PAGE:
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© Digital Integrated Circuits 2nd Inverter Digital Integrated Circuits A Design Perspective The Inverter Jan M. Rabaey Anantha Chandrakasan Borivoje Nikolic

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© Digital Integrated Circuits 2nd Inverter DIGITAL GATES Fundamental Parameters Functionality Reliability, Robustness Area Performance DC Characteristics Speed (delay) Power Consumption

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© Digital Integrated Circuits 2nd Inverter Noise in Digital Integrated Circuits

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© Digital Integrated Circuits 2nd Inverter The Ideal Gate

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© Digital Integrated Circuits 2nd Inverter CMOS Inverter First-Order DC Analysis V OL = 0 V OH = V DD V M = f(R n, R p ) V DD V V in = V DD V in = 0 V out V R n R p

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© Digital Integrated Circuits 2nd Inverter Mapping between analog and digital signals

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© Digital Integrated Circuits 2nd Inverter Definition of Noise Margins

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© Digital Integrated Circuits 2nd Inverter The Regenerative Property

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© Digital Integrated Circuits 2nd Inverter Fan-in and Fan-out

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© Digital Integrated Circuits 2nd Inverter The CMOS Inverter: A First Glance V in V out C L V DD

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© Digital Integrated Circuits 2nd Inverter CMOS Inverter Polysilicon In Out V DD GND PMOS 2 Metal 1 NMOS Contacts N Well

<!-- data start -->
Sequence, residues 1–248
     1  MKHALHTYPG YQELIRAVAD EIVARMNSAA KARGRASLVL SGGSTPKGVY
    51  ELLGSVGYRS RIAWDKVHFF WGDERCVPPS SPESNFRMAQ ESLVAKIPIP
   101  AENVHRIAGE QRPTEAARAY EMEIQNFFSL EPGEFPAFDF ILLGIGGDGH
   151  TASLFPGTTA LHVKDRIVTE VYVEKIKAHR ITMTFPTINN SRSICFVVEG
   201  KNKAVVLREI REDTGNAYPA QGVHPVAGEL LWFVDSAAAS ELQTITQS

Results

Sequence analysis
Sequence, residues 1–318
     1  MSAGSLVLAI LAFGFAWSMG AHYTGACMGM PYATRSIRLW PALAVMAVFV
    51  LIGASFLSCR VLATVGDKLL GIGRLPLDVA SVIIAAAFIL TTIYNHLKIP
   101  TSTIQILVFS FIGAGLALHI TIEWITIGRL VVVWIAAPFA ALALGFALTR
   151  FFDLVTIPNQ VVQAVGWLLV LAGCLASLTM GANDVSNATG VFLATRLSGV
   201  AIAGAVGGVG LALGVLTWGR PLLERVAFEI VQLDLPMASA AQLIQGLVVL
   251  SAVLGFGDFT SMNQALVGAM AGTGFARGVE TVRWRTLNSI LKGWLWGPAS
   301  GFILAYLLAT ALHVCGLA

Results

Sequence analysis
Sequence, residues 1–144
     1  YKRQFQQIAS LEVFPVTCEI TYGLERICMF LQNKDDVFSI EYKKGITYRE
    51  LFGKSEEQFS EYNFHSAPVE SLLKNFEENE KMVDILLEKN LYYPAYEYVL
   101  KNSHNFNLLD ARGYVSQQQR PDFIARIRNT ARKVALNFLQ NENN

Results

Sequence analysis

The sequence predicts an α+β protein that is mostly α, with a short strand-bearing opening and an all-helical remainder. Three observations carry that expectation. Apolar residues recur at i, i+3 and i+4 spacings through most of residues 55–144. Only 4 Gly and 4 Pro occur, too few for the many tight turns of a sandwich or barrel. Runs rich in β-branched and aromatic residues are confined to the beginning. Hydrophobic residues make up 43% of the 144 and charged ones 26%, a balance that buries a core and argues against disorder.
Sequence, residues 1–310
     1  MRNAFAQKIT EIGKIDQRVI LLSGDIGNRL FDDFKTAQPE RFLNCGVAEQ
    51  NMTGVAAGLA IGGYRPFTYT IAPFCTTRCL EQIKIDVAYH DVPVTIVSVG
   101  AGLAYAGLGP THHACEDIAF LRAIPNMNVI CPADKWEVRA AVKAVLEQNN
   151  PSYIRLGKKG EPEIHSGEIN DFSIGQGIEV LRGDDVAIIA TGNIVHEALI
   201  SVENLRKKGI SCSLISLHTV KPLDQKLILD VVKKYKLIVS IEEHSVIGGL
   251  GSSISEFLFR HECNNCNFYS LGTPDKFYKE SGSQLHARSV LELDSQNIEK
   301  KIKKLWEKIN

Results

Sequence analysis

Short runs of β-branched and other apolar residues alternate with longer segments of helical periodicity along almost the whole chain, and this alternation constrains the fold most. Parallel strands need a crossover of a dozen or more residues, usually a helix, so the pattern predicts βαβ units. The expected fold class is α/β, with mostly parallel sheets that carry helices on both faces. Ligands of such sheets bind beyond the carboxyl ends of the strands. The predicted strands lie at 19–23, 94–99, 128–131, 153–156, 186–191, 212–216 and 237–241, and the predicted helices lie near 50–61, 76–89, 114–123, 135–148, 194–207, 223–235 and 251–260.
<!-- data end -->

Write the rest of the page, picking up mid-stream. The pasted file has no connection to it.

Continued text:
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© Digital Integrated Circuits 2nd Inverter VTC of Real Inverter

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© Digital Integrated Circuits 2nd Inverter CMOS Inverter: Transient Response t pHL = f(R on.C L ) = 0.69 R on C L V out V R n R p V DD V V in = V DD V in = 0 (a) Low-to-high(b) High-to-low C L C L

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© Digital Integrated Circuits 2nd Inverter Delay Definitions

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© Digital Integrated Circuits 2nd Inverter Ring Oscillator

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© Digital Integrated Circuits 2nd Inverter Power Dissipation

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© Digital Integrated Circuits 2nd Inverter Voltage Transfer Characteristic

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© Digital Integrated Circuits 2nd Inverter CMOS Inverter Polysilicon In Out V DD GND PMOS 2 Metal 1 NMOS Contacts N Well

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© Digital Integrated Circuits 2nd Inverter DC Operation: Voltage Transfer Characteristic V(x) V(y) V OH V OL V LT V OH V OL f V(y)=V(x) Switching Logic Threshold Nominal Voltage Levels V(y)V(x) VIL VIH dVo/dVi =-1 NML NMH

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© Digital Integrated Circuits 2nd Inverter CMOS Inverter Load Characteristics I n,p V in = 5 V in = 4 V in = 3 V in = 0 V in = 1 V in = 2 NMOS PMOS V in = 0 V in = 1 V in = 2 V in = 3 V in = 4 V in = 4 V in = 5 V in = 2 V in = 3 Vout

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© Digital Integrated Circuits 2nd Inverter CMOS Inverter VTC Vin < Vtn -NMOS Off Vin > Vdd – Vtp -PMOS Off PMOS: linear if Vsg –Vtp > Vsd Vo > Vin +Vtp NMOS: Linear if Vgs-Vtn > Vds Vo < Vin –Vtn VOH: PMOS(lin) & NMOS(off) VOL: PMOS(off) & NMOS(lin) VIH: PMOS(sat) & NMOS(lin) VIL: PMOS(lin) & NMOS(sat) VLT: PMOS(sat) & NMOS(sat)

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© Digital Integrated Circuits 2nd Inverter CMOS Inverter VTC VOH: PMOS(lin) & NMOS(off) = Vdd VOL: PMOS(off) & NMOS(lin) = Gnd VIH: PMOS(sat) & NMOS(lin): Solve: VIL: PMOS(lin) & NMOS(sat): Solve:

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© Digital Integrated Circuits 2nd Inverter CMOS Inverter VTC VLT: PMOS(sat) & NMOS(sat): If Vtn = Vtp & p = n VLT = Vdd/2: Gives a symmetric Inverter!

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© Digital Integrated Circuits 2nd Inverter Simulated VTC